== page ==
India and China: time for co-operation in space exploration?
Amid the fireworks and lanterns of Diwali, one of India's most important festivals, the nation has embarked on its most ambitious space mission yet - sending a probe to Mars. Costing a fraction of the millions of firecrackers sent skyward during the five-day occasion, the US$74 million rocket launched yesterday carries, along with its orbiter, pride and scientific prowess. If successful, the country's space agency will become only the fourth after Russia, the US and the European Space Agency (ESA) to have attained the goal. That is certainly cause for celebratory flag-waving for Indians, but with space rival China watching closely, the implications go far beyond research, nationalism and point-scoring.
China, which on October 15 marked the 10th anniversary of its first manned space mission, next month begins another stage of its programme, sending a rover to the moon. Scientists have their sights set on putting Chinese on the lunar surface in the next 15 years. India had planned that for 2016, but has since backed away to focus on commercial ventures. But by pushing ahead with the Mars probe, New Delhi has shown it is still concerned about prestige. There are shades of the finance-draining space race that the US and the former Soviet Union were locked in at the height of the cold war.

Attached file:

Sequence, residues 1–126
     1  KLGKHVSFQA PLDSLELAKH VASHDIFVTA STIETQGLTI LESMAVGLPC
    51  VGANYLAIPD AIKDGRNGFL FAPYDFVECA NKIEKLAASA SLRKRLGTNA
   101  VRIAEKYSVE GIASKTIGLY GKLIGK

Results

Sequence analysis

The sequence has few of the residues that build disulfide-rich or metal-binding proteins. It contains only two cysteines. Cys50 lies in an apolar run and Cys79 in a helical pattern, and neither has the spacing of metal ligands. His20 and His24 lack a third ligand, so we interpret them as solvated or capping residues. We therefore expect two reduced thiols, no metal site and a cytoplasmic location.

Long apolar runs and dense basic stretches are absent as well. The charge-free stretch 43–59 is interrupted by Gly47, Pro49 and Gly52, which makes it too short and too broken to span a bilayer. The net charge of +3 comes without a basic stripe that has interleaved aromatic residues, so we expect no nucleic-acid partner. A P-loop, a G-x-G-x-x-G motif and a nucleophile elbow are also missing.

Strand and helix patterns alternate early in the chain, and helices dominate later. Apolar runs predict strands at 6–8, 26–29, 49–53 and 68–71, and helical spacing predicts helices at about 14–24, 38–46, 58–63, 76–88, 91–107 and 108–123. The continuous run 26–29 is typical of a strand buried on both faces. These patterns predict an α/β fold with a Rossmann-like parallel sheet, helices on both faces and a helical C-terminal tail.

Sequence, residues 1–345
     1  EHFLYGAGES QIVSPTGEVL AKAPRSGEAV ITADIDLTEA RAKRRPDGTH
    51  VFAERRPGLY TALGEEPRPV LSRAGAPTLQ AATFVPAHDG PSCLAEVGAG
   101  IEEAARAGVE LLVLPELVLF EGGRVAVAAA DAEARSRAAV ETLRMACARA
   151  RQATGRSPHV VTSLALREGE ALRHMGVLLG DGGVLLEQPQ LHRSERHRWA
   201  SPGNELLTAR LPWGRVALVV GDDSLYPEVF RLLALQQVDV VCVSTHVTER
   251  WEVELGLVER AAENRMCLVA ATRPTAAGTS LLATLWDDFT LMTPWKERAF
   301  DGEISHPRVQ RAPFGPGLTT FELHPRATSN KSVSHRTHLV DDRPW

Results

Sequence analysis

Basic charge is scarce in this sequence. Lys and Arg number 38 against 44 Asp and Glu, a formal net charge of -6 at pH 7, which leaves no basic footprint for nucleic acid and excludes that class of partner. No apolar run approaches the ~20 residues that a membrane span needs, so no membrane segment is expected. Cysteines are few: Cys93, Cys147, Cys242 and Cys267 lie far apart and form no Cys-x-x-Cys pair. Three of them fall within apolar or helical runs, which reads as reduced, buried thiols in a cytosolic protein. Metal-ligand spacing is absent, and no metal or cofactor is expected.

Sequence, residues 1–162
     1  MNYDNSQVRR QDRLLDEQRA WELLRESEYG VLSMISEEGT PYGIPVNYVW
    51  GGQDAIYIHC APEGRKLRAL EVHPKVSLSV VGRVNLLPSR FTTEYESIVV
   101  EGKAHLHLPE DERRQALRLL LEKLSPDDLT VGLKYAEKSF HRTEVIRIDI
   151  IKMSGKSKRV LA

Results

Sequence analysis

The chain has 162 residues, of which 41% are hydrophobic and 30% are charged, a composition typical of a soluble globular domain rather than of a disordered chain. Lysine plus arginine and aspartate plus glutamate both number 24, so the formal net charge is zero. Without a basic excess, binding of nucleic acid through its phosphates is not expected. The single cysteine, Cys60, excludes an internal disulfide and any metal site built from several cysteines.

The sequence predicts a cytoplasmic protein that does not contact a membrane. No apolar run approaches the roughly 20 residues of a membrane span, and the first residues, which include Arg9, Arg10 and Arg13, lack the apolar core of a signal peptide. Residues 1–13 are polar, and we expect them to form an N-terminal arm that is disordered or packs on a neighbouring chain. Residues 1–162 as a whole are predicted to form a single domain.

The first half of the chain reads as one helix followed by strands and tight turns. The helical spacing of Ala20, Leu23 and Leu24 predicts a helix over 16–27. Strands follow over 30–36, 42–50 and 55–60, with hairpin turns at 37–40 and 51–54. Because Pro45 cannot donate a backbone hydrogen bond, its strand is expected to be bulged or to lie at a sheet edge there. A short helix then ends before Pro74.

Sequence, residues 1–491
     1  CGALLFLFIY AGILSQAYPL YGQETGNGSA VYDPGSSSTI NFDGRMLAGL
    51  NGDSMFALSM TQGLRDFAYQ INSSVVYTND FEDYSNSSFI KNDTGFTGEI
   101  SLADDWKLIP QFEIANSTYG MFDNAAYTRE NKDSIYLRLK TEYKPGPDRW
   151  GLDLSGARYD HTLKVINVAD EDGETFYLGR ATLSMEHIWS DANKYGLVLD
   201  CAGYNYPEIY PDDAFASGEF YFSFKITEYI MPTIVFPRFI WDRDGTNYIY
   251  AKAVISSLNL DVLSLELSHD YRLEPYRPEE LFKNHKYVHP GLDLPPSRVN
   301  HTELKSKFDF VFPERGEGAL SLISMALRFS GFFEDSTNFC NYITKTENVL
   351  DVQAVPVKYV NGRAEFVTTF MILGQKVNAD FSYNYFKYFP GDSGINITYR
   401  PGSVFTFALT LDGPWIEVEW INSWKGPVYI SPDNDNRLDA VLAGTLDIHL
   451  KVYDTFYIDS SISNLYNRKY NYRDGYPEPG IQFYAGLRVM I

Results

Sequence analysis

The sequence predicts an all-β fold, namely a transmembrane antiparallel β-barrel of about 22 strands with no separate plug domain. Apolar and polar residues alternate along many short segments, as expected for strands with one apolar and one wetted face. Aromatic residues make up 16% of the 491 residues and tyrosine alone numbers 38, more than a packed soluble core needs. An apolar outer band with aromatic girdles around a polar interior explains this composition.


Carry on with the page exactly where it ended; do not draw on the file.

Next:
The governments of mainland China and India are not the only ones in Asia interested in space. Japan and South Korea also have well-advanced programmes, while Taiwan, Indonesia, Malaysia, Thailand and Vietnam are expanding their capabilities. There are a myriad benefits of space exploration, but in the case of China and India there is also the risk of fuelling regional tensions, militarisation and confrontation.
Critics argue both nations would do better spending the billions on social programmes. India's economy is faltering and some citizens believe the resources and energy of the Mars project would be better directed towards public health or solar energy. There is significant duplication in the two countries' efforts. As was realised by the US and Soviet Union in the 1970s after two decades of fierce space rivalry, it would make more sense to co-operate than compete.
The International Space Station came from such co-operation, as did the ESA after 18 European countries pooled resources. China and India have pledged to work for closer ties and a resolution to their border dispute. In that spirit, they would benefit by joining their talents for space exploration.